June 2, 2022 [LINK / comment]
The adverse outcome of the Nationals' series against the Mets was no surprise, given that the Mets are overloaded with high-salary talent this year, but the margin of defeat added insult to injury. After losing by eight runs on Monday (in spite of scoring three times in the top of the first inning), the Nationals failed to score at all in the next two games, as the Mets won by scores of 10-0 and 5-0. In Wednesday's game the Nationals got six hits but were 0 for 6 with runners in scoring position. A 24-year old rookie named Evan Lee started the game for the Nationals, and he at least made it into the fourth inning before being replaced. Not too bad for a major league debut. (See the note on roster changes below.)
It was the first time that the Nationals had been shut out in consecutive games since April 7 and 9, 2021. (There was no game on April 8.) I was curious how many times that had happened before, and here is the list I came up with:
|Date||Consecutive shutout |
WINS by Nationals
|Total winning margin||Consecutive shutout LOSSES by Nationals|
|Total losing margin|
|Aug. 27-28, 2005||STL||12|
|May 29-30, 2007||LAD||15|
|July 21-22, 2007||COL||6|
|July 26-27, 2008||@ LAD||8|
|July 17-18, 2010||@ FLA||3|
|June 3-4, 2011||@ ARI||6|
|Apr. 1 & 3, 2013||MIA||5|
|Aug. 2-3, 2014||PHI||15|
|Sep. 25-26, 2014||NYM & MIA||6|
|May 2-3, 2015||NYM||2|
|Aug. 11-12, 2015||@ LAD||8|
|Apr. 27-28, 2016||PHI||6|
|June 10 & 12, 2018||@ SF & NYY||5|
|June 25-26, 2018||@ TB||12|
|Aug. 23-24, 2018||PHI & @ NYM||5|
|Aug. 24-25, 2018||@ NYM||6|
|Sep. 1-2, 2020||@ PHI||9|
|Apr. 7 & 9, 2021||ATL & @ LAD||3|
|May 31-June 1, 2022||NYM||15|
"@" = away games.
When dates are separated by an ampersand (&), no game was played on the intervening date.
There was a double-header on September 26, 2014.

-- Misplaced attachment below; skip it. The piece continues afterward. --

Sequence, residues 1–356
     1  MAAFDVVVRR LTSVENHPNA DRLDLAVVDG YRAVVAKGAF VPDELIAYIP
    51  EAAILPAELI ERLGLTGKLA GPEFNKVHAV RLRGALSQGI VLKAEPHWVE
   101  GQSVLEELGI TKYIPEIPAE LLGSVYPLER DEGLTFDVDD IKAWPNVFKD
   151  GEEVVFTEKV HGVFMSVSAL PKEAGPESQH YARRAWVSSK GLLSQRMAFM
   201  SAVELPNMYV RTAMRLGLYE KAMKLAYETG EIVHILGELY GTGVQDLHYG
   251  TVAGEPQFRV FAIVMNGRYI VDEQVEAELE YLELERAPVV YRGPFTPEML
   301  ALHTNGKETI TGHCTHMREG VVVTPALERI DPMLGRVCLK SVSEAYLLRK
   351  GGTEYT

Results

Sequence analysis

Of note, in the other pair of games in which the Nationals were shut out by a 15-run total margin (May 29-30, 2007), the scores were the same as in this sorry episode: LAD 10, WSH 0 and LAD 5, WSH 0. Unlike the series just concluded with the Mets, however, in that 2007 series against the Dodgers, the Nationals won the third and final game, 11-4. That series was also at home, but in RFK Stadium; Nationals Park was still under construction at the time. In only two other instances were both games of consecutive shutout losses by the Nationals at home: Aug. 27-28, 2005 (vs. STL) and Apr. 27-28, 2016 (vs. PHI). The latter series was the only time the Nationals were shut out in consecutive games during a year in which they went to the postseason.
Also of note in that table, the Nationals were shut out in three straight games from August 23 to 25, 2018, and were it not for Josh Bell's solo home run in tonight's game against the Reds in Cincinnati, they would have repeated that disgrace. The Reds (18-32, .360) have edged ahead of the Nationals (18-35, .340) in terms of winning percentage among National League teams, and the Kansas City Royals (16-33, .327) are now at the bottom among all MLB teams. The Reds have improved markedly since their awful 3-22 start to the seeason, with a record of 15-10 since May 7.
In order to come up with the above data, I first I had to determine how many shutouts the Nationals had won or lost each year, and that is summarized in the table below:
|Year||Nationals' shutout WINS||Nationals' shutout LOSSES|
* Due to the covid-19 pandemic, only 60 games were played in 2020, rather than the usual 162.
** Through June 1.
ORANGE background denotes years in which the Nationals went to the postseason.